Miriam and Peter Lancewood Living Off the Grid
For seven years, Dutch woman Miriam Lancewood and her New Zealand-born husband Peter have lived a nomadic life – she is the hunter and he is the cook. Five years into a nomadic life in New Zealand, Miriam decided to write a book, called Woman in the Wilderness about her experiences living off the grid in the wild. Now the couple are walking across Europe to Turkey, with a tent and little else.
Formerly a special needs teacher in New Zealand, Miriam says she was always stressed.
“And so bored,” she says. “And depressed about thinking I’m going to do this forever and ever.” She’s learned so much since she’s been out here but one question remains unanswered: “Where are all the women?”
When they do bump into another person in the wild it’s usually a hunter, and always a man. She thinks that perhaps women have lost their connection with nature, “even more than men. And also,” she adds, passionately, “why do women behave so weakly, physically? As in, ‘I can’t lift that,’ ‘I can’t shit outside,’ ‘I can’t have my period in the bush.’” She thinks it’s a shame women are missing out.
If you’re going off grid, prepping is key. Miriam and Peter spent months training for that first winter in Marlborough: long, demanding treks, first-aid courses; reading survival and foraging books – working out by the spoonful exactly how much flour, pulses, tea bags they’d need. They practised seeing in the dark with night walks. Lancewood isn’t a conspiracy theorist but she’s proud she has now learned survival skills, in case of Armageddon.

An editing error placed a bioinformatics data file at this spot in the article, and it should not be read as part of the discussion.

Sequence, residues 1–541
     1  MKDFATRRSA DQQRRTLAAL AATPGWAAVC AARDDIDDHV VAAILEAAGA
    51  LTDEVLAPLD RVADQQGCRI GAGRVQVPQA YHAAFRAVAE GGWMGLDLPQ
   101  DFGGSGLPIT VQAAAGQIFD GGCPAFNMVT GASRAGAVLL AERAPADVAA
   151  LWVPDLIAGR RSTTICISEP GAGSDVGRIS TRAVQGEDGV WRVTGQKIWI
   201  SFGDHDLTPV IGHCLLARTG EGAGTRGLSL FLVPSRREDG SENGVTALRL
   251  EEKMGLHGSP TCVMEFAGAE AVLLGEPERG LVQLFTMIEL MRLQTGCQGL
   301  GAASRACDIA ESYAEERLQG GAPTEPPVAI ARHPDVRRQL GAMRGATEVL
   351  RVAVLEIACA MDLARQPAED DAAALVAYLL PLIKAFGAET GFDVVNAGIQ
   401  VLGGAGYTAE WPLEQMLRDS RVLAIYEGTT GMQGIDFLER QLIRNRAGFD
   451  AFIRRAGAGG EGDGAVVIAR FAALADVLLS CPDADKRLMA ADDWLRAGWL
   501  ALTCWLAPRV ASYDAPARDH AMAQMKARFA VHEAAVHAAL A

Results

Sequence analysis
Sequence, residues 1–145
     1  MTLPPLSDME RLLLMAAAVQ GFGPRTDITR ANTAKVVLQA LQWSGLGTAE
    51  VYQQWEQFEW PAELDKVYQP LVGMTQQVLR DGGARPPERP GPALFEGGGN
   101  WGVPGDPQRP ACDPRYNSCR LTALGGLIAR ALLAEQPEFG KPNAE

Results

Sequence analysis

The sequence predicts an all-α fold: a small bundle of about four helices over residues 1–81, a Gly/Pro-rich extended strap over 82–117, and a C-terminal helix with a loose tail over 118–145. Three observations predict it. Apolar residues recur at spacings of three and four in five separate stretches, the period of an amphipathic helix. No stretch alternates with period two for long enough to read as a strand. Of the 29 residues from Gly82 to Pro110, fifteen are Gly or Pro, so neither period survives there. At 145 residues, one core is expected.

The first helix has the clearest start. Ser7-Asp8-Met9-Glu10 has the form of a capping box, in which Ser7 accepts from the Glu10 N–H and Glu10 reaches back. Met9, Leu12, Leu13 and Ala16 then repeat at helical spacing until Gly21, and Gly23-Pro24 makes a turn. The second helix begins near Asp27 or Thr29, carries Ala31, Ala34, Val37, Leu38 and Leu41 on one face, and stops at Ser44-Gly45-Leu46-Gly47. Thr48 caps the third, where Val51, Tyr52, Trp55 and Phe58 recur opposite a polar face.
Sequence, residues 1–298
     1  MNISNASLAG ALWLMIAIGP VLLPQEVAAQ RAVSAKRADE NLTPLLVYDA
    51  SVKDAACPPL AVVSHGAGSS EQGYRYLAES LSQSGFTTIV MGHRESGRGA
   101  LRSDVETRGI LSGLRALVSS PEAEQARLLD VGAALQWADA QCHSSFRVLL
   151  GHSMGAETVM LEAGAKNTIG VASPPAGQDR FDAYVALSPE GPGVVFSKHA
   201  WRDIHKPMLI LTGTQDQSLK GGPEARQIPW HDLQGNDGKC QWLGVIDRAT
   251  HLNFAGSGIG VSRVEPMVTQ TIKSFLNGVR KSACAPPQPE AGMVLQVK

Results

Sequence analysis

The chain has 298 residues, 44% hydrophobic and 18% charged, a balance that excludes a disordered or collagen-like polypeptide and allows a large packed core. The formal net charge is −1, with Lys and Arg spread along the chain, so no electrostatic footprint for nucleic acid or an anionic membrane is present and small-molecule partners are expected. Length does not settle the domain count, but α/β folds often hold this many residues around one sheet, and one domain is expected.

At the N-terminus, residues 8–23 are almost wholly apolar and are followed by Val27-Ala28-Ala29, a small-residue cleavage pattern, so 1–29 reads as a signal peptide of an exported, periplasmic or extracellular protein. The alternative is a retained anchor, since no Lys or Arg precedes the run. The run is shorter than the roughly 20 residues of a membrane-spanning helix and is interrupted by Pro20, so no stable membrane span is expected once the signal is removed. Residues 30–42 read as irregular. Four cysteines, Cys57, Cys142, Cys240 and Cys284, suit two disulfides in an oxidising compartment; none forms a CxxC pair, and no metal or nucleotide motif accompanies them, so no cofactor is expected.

Peter thinks that everyone’s too obsessed with security, to the point where it interferes with their ability to think logically, or find happiness: “People say to us we’re living their dream, and I say to them, ‘Do it.’ But they say, ‘Oh, I can’t,’ and I say, ‘What do you mean can’t? Of course you can.’ And they look a bit confused by that statement – because it’s true.” Maybe, I say, it’s because they’d prefer a more temporary break with society: once you’ve opted out of your career, sold all your stuff – there’s no return.
“And that,” he says, with satisfaction, “is exactly the point.” Miriam nods in agreement. “Because once you’ve cut with your boring, unhappy life, I can guarantee that you’ll never want to go back.”
Original article by Stefanie Marsh, The Guardian, November 5, 2017.
Photo by Murdo Macleod.